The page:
• Increased cortisol production. Cortisol is a steroid that counters pain and inflammation and keeps blood-sugar at a certain level.

    • Increased blood sugar. This blood sugar is used to feed your brain and muscles.

    • Increased heart rate. Blood is pumped more quickly around your body.

    • Changes in blood-flow. Arterial blood pressure increases. Blood is diverted away from your hands, feet and stomach, and towards your brain and major muscle groups. This helps the brain assess the threat and prepares the muscles for action.

    • Increased platelet levels. More platelets in your bloodstream help your blood to clot better and faster if you are physically injured.

    • Increased endorphin levels. Endorphins help to dull any pain you might experience. This helps you ignore pain long enough to act in ways that might help you survive.

LA Times: Healing Sgt Warren

“He isn’t sure he will return for another session with Schulte. Then he thinks: What’s the alternative? Pills, pot, blackout drinking. A lifetime of hiding in his darkened apartment?”

Screen Shot 2013-10-07 at 9.17.28 AMAn engrossing, but difficult story well done by Christopher Goffard in the LA Times about the on-going healing process of Sgt Jonathan Warren. Though the process of exposure therapy under the guidance of a skilled therapist at the VA, Warren recounts his experience. What takes place seems akin to reframing –like a film under scrutiny, where forgotten details come to light to create a new understanding. Different therapies work for different people. This is his story, and his experience as he heals.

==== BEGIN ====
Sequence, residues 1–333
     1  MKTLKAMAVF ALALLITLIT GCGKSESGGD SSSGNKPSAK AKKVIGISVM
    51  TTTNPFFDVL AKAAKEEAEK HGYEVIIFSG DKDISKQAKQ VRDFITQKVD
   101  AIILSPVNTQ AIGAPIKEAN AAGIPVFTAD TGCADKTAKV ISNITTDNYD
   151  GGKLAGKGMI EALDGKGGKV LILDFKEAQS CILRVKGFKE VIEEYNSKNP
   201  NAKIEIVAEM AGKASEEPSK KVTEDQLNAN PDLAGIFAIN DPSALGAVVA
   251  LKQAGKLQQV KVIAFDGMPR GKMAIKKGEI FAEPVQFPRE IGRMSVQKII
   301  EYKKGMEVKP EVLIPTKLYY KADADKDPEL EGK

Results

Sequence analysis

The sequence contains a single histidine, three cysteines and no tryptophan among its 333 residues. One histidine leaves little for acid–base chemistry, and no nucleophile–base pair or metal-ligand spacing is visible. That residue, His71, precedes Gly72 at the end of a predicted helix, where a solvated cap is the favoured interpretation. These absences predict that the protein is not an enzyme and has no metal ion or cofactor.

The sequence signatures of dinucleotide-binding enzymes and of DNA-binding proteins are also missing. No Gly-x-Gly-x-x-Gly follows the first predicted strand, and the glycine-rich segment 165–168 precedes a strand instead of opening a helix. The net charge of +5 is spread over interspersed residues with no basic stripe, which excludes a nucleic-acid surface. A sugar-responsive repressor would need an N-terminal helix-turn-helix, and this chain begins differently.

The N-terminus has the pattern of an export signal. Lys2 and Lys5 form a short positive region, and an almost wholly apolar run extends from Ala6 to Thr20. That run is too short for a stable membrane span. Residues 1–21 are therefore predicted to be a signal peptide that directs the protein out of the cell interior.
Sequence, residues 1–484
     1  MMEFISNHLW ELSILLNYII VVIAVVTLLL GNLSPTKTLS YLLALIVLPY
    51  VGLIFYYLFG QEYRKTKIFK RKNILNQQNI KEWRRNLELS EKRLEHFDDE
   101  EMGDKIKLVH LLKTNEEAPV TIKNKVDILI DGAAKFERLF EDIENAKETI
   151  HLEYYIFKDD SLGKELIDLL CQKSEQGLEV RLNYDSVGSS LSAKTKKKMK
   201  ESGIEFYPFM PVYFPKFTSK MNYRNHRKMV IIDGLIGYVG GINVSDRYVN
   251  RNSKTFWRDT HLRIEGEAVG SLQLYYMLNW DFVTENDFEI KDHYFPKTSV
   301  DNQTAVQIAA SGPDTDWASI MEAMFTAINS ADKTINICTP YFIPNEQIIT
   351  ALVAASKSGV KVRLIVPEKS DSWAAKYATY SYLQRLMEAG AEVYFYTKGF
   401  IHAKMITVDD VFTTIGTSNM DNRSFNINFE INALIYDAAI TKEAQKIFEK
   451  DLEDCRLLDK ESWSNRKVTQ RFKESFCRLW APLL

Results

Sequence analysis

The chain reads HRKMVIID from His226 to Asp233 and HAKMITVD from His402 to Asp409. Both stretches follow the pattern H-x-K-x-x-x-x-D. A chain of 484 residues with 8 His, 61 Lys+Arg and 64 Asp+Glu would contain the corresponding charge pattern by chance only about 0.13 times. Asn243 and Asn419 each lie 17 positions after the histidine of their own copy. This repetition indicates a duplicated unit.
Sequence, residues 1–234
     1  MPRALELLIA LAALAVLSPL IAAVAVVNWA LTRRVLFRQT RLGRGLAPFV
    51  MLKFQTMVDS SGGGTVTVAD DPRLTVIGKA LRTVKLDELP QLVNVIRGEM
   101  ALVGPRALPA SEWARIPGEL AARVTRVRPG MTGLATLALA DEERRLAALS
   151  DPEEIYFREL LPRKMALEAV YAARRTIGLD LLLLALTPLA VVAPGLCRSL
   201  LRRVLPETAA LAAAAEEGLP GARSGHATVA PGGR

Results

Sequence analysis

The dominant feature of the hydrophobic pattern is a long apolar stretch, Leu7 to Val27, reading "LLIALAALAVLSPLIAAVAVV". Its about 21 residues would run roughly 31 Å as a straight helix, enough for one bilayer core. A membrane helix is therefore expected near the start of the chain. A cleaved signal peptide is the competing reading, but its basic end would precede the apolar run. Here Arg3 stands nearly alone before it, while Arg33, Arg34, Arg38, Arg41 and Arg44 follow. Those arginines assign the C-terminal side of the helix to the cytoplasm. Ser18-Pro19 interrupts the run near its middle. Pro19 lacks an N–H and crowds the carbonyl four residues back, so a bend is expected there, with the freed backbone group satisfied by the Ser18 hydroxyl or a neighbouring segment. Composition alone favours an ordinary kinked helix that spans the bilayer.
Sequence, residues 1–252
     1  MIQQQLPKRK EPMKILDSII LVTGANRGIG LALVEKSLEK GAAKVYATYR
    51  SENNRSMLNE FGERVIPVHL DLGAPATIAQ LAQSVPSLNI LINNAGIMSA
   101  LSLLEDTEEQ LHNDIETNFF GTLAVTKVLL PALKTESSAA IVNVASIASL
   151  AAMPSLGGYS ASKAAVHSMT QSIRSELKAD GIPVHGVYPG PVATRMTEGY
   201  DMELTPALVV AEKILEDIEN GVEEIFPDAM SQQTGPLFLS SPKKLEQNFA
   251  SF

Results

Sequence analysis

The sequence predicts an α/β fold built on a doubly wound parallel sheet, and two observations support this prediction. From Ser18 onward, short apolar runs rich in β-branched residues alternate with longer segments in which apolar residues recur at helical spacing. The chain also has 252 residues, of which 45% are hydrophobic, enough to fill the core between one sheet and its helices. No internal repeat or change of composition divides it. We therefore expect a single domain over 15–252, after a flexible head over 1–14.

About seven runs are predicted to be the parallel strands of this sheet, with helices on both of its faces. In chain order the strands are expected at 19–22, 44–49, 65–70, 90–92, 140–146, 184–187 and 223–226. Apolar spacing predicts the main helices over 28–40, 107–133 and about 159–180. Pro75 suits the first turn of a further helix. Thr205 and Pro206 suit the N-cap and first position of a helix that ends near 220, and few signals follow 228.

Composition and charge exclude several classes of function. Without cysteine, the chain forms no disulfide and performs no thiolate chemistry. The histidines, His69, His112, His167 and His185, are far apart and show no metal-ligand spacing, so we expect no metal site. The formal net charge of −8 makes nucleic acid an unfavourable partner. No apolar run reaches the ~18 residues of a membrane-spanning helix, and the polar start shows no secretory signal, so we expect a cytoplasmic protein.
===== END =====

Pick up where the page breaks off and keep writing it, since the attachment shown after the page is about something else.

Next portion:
Read: Healing Sgt. Warren

Watch the video

Marine Corps Times: Yoga, MMA combined, “Kevlar” for The Brain

Chemical: Kevlar

Our comment;  We’d love more information, and since the author is a board certified psychologist who served 2 tours in Iraq, perhaps he’ll be able to get some studies funded, and discover why these two modalities when combined seem to work. What’s the routine? How long? What’s the longterm outcome? We’re hopeful more research will be done!

From the Marine Corps Times  

“The military spends hundreds of millions of dollars each year on mental health research and care. Although advances in medications and talk therapies for often disabling and chronic psychiatric conditions are a sound investment, other less expensive and non-traditional alternatives can provide substantial dividends.”

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Read:  for the Mind: MMA, Yoga May Offer Benefits As PTSD Treatment  by Bret A. Moore

Innovative Yoga Teacher Training Puts Them In A Soldier’s Shoes

Sign up now for the Oct. 19 class in Auburn NH

Sign up now for the Oct. 19 class in Auburn NH

Fire a weapon, crawl through an obstacle course, work with veterans with combat injuries. Experience a tiny bit of the world a combat veteran has gone through. This is open to all certified yoga teachers who aren’t afraid of a challenge, and want to gain a hands-on experience in a safe environment  for a one-day workshop in New Hampshire.  

Sign Up now for the October 19 course in Auburn NH.

The Combat Connection presents Yoga For Vets 101 a one day/12 hour intensive training course for yoga teachers with no military experience who want to teach combat vets,in a clinical or studio environment.  Becky Blais and Paul Zipes, both military veterans and certified yoga teachers  will teach this one day/12 hour course designed to immerse all certified yoga  teachers in a safe, supportive and high intensity environment.”

This is an experiential boot camp for certified yoga teachers that will give them a hands-on experience into the world of a combat veteran. What does a weapon feel like?  What have they heard? Learn a proven methodology of what works for veterans Boost your confidence and skill set by receiving information on military protocol, and terminology.  Learn the 3 most common injuries of combat veterans, and what’s hands “off” and hands “on” when teaching. Paul and Becky have thoughtfully put this workshop together…. don’t miss it!